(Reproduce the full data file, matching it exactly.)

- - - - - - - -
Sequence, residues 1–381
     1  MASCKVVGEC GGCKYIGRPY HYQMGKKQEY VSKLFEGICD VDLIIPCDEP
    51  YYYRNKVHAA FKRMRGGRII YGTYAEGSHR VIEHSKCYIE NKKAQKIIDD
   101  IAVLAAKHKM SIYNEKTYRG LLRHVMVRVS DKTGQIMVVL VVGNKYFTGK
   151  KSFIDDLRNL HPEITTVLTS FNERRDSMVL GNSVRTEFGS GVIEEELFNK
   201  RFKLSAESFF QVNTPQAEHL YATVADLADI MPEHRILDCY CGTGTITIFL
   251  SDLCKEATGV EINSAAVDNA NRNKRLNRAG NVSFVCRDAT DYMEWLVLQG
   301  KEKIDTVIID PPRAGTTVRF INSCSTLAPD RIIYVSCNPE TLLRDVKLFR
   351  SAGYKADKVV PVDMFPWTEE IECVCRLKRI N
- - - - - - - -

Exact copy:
Sequence, residues 1–381
     1  MASCKVVGEC GGCKYIGRPY HYQMGKKQEY VSKLFEGICD VDLIIPCDEP
    51  YYYRNKVHAA FKRMRGGRII YGTYAEGSHR VIEHSKCYIE NKKAQKIIDD
   101  IAVLAAKHKM SIYNEKTYRG LLRHVMVRVS DKTGQIMVVL VVGNKYFTGK
   151  KSFIDDLRNL HPEITTVLTS FNERRDSMVL GNSVRTEFGS GVIEEELFNK
   201  RFKLSAESFF QVNTPQAEHL YATVADLADI MPEHRILDCY CGTGTITIFL
   251  SDLCKEATGV EINSAAVDNA NRNKRLNRAG NVSFVCRDAT DYMEWLVLQG
   301  KEKIDTVIID PPRAGTTVRF INSCSTLAPD RIIYVSCNPE TLLRDVKLFR
   351  SAGYKADKVV PVDMFPWTEE IECVCRLKRI N